About The Committee
With more than 2000 registered political parties in India. The politics of the nation has been constantly changing. Typically called before the session of the parliament or introduction of the bill the All India Political Party Meets are conventions that allow the diverse political groups of India to reach a consensus on decisions of national importance, before sessions began. With the absence of legislative power of the parliament the initial purpose of the forum was for unrestricted political debate, discussion and deliberation which may not be allowed in parliament due to time constraints but this body now aids in providing a better insight into national issues. The AIPPM committee in MUN aims to mimic this reality by reproducing the stages of policies and jurisdiction, with delegates representing personalities from the divergent group of Indian political parties. While stepping into the shoes of assigned politician the AIPPM committee expects its representatives to be well versed, with their political party’s ideology, manifesto and beliefs which helps the representatives grasp the multi-layered processes that go behind policy-making and governance in India, providing them with a explicit experience to the hitches and hurdles that political parties accost in modern times. The AIPPM committee unlike other conventional MUN committee characterized by heated debates, cross talks, high levels of negotiations and political democracy echoes hopes of change and evolution!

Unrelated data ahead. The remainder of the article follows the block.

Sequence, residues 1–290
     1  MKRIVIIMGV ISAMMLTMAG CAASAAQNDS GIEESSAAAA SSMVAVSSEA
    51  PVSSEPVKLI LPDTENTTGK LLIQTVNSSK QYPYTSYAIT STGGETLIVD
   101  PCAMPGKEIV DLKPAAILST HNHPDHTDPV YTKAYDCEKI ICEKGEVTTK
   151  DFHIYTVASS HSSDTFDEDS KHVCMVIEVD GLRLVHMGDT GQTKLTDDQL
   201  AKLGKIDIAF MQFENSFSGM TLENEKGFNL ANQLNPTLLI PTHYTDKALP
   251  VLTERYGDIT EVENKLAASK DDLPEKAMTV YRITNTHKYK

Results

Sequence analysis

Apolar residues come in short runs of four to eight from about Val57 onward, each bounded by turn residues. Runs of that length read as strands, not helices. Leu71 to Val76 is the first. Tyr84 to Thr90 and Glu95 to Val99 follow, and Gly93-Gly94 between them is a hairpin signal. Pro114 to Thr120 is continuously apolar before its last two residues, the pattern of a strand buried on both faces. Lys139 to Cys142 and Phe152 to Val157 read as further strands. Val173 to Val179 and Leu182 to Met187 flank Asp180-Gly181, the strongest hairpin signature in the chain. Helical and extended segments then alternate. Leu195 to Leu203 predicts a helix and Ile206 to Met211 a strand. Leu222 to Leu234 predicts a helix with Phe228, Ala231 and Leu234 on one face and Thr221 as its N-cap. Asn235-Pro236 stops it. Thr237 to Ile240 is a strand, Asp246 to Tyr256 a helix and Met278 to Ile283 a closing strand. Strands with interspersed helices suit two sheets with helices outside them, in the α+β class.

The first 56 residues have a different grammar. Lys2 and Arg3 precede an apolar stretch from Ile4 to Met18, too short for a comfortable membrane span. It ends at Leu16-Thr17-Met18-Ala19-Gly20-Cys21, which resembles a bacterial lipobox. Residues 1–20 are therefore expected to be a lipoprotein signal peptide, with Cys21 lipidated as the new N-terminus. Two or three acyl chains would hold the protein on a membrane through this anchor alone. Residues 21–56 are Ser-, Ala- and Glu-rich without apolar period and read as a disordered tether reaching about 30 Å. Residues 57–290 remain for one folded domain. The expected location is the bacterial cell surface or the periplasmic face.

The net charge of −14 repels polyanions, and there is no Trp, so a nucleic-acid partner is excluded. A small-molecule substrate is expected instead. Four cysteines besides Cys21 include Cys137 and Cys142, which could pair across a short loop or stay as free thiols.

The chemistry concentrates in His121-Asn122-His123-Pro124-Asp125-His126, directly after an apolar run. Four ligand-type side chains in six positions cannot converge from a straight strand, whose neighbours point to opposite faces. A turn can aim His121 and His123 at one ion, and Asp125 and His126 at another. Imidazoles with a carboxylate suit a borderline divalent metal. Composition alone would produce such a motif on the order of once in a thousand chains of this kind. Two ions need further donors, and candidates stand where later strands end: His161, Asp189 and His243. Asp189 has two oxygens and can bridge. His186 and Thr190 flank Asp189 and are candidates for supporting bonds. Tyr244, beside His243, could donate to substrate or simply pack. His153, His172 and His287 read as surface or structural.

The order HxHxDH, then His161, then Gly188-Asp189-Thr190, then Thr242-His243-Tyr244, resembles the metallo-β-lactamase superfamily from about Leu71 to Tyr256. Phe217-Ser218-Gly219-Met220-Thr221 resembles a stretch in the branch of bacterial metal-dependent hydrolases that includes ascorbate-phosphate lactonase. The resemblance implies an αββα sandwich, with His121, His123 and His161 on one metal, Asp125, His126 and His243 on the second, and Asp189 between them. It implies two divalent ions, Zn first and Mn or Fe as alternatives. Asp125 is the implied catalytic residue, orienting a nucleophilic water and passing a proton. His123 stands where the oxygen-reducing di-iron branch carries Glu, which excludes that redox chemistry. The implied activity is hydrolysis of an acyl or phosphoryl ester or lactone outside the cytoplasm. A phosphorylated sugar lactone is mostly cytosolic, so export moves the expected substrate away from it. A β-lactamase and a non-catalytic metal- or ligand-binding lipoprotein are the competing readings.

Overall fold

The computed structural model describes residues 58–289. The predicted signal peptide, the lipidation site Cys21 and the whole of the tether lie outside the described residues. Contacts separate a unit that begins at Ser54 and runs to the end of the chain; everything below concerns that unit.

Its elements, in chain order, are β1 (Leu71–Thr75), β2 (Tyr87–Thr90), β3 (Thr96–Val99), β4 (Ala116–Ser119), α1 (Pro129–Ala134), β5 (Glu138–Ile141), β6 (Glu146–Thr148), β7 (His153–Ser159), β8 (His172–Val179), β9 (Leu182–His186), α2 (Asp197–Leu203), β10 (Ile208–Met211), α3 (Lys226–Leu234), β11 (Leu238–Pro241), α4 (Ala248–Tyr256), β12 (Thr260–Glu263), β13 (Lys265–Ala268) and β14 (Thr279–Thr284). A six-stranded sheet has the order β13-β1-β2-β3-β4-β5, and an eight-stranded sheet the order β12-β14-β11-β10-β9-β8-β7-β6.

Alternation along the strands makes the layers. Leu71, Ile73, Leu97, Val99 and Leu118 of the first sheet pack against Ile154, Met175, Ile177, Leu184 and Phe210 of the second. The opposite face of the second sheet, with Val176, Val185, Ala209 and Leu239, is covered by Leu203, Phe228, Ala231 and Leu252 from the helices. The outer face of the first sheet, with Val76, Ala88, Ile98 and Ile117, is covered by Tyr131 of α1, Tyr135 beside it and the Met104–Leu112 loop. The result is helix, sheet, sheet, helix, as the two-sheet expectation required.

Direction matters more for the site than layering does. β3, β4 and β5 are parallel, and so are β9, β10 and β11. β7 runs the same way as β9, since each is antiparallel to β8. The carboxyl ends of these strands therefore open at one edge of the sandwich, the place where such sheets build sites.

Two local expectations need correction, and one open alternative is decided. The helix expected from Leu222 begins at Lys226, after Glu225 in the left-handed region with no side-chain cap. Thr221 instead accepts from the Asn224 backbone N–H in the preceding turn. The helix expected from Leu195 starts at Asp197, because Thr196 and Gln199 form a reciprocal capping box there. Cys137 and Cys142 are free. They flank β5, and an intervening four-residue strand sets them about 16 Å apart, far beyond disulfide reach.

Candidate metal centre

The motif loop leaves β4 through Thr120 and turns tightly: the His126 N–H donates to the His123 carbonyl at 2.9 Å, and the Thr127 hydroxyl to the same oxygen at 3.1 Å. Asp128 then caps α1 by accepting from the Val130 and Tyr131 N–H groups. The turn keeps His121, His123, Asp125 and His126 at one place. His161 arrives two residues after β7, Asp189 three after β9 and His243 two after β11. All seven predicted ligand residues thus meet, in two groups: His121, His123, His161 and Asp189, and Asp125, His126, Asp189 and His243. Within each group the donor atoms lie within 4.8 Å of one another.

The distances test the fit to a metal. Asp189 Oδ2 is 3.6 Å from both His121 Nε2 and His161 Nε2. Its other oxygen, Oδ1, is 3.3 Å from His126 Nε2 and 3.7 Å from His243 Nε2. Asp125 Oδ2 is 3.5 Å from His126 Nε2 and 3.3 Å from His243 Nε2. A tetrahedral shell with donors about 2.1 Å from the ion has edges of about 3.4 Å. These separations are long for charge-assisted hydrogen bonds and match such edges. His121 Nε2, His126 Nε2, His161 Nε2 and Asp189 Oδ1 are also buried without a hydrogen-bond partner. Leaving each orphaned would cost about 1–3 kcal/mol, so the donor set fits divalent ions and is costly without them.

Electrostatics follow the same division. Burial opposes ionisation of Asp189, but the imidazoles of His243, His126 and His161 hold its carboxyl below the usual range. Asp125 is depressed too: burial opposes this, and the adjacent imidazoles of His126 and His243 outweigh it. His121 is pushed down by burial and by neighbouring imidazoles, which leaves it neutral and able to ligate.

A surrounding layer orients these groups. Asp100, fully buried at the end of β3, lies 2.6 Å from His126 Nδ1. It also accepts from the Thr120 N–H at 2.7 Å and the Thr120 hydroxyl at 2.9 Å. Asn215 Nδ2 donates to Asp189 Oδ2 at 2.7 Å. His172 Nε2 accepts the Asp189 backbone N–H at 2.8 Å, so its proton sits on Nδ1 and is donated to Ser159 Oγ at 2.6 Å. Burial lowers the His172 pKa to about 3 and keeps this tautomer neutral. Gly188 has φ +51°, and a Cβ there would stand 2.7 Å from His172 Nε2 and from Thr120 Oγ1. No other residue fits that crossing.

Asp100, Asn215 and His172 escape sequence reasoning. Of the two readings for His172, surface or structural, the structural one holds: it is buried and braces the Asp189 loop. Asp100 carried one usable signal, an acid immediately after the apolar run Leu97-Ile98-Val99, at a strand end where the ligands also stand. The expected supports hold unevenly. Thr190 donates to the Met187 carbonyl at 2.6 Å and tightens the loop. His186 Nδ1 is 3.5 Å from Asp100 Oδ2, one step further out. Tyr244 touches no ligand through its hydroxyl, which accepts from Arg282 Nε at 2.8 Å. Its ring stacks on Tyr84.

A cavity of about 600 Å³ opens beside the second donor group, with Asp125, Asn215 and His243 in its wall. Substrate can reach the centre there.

The All India Political Parties Meet was formed as a body supplementary to the Parliament, without any legislative power; a specific purpose body to serve as a union for political debates which are seldom allowed in the Parliament. The political history of India has been both dynamic and constantly evolving. Politics in India has moved from a one party dominance to the present era of coalition politics. The All Political Parties Meet is a forum for unrestricted political debate, discussion, and deliberation, free from the legislative functions of the Parliament. Agriculture, with its allied sectors, is the largest source of livelihoods in India. 70 percent of its rural households still depend primarily on agriculture for their livelihood, with 82 percent of farmers being small and marginal. The numbers paint a clear picture that agriculture should be the primary concern of all political parties however it is the one thing that is more often than not overlooked. It is the need of the hour to get these people who feed our nation the basic human rights they deserve and not just noisy debate panels organised for the sake of TRPs.